Fiona: What was the hardest part of writing your book?

Editing it.


Fiona: Did you learn anything from writing your book and what was it?

I’ve learned TONS of things from writing books. Research is extremely important and I feel like I’ve done enough to get another college degree. I’ve also learned a lot about myself. I can write 100,000 words. I can meet daily word counts. I make everything work out in the end and the characters fall madly in love.


Fiona: Do you have any advice for other writers?

Keep writing. Yeah, there’ll be dips in sales and yeah, there’ll be people who hate your book, but you know what, if it makes YOU happy, keep at it. Don’t let those exterior factors steal your joy.


Fiona: Do you have anything specific that you want to say to your readers?

Thank you to everyone who has supported me with buying my books, reviewing my stories, lending my books and even recommending me to a friend. If not for all of you, I’d have to be committed for having dozens of voices inside my head talking to each other!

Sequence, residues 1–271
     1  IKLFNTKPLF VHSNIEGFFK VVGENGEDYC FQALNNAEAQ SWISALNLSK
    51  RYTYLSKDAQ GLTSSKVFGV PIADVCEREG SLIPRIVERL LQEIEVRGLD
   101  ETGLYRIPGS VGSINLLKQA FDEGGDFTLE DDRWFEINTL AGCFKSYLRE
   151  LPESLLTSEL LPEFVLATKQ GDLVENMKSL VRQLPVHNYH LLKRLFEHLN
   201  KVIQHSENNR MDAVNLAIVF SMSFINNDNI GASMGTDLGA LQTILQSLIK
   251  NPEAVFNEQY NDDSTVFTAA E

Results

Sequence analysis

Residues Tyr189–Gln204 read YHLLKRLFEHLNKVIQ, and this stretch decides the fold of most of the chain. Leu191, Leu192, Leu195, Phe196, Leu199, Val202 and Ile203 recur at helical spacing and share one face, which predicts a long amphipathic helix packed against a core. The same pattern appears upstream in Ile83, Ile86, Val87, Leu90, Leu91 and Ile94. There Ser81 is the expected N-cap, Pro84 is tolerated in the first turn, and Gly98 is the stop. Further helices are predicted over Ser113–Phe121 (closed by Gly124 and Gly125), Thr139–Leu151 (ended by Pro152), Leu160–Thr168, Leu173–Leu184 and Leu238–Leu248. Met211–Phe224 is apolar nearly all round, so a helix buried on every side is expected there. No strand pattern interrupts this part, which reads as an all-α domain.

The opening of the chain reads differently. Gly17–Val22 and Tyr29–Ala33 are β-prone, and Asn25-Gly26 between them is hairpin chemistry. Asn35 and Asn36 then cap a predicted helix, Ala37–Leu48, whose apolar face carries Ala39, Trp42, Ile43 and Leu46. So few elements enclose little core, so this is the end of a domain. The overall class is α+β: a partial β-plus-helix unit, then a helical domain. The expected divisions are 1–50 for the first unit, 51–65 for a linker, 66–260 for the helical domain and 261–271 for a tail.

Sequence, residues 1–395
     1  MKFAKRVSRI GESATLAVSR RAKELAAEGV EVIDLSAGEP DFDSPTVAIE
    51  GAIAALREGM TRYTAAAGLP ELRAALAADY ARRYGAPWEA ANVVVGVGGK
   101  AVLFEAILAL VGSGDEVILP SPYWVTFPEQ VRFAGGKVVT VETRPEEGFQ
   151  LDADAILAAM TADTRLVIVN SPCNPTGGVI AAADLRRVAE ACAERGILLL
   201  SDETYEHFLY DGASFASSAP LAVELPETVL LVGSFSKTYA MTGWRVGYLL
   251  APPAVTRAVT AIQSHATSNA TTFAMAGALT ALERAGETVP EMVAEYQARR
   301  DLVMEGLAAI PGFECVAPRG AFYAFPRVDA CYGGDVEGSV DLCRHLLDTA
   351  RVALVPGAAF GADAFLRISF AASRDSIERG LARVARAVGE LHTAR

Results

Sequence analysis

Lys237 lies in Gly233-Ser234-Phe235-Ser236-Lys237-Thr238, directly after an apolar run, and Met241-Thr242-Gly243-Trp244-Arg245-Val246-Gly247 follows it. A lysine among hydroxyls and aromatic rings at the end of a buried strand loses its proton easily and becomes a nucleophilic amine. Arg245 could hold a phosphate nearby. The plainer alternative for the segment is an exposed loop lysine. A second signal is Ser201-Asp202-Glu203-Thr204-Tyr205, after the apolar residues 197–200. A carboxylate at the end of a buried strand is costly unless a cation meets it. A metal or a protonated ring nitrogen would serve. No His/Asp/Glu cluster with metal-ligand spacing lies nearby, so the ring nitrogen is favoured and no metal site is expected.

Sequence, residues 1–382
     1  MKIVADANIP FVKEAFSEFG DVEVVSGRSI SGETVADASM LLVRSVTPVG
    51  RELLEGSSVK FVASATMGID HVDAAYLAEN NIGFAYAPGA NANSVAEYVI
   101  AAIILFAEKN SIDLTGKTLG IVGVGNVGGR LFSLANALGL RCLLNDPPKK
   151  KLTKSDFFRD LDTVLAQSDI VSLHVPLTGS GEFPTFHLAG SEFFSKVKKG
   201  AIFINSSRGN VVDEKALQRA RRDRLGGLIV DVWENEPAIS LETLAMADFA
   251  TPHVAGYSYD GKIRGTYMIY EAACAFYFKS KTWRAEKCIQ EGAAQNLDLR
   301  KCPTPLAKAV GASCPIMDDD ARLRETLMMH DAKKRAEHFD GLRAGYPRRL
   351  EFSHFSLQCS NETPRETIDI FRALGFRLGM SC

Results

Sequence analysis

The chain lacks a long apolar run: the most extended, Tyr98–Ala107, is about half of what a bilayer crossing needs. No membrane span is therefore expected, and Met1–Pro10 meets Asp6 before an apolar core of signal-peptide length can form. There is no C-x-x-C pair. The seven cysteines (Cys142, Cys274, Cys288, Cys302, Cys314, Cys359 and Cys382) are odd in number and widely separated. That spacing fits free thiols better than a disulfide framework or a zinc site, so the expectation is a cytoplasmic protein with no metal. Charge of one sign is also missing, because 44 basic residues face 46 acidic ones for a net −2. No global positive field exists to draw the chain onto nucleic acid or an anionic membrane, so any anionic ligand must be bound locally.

Fiona: Do you remember the first book you read?




Fiona: What makes you laugh/cry?

I laugh at funny situations or when someone uses a play on words.



Fiona: Is there one person past or present you would meet and why?

Beverly Cleary. I don’t remember the first book I ever read, but I do remember reading all of the Ramona books when I was a kid! She was hilarious.



Fiona: What do you want written on your head stone and why ?

….wife, mother, writer and above all, a child of God…



Fiona: Other than writing do you have any hobbies ?

Crafting. I’m terrible at it, but that doesn’t stop me from loving it.



Fiona: What TV shows/films do you enjoy watching?

Flea Market Flip and old family sitcom re-runs.



Fiona: Favorite foods / Colors/ Music

Food: pizza, color: green, music: country (hey, I told you I was from the sticks)



Fiona: If you were not a writer what else would you like to have done?

Like to have done? Been the next Martha Steward. Likely would have done: been an accountant.



Fiona: Do you have a blog/website? If so what is it?



Fiona, thank you so much girl for having me on. Answering your questions has been a real blast!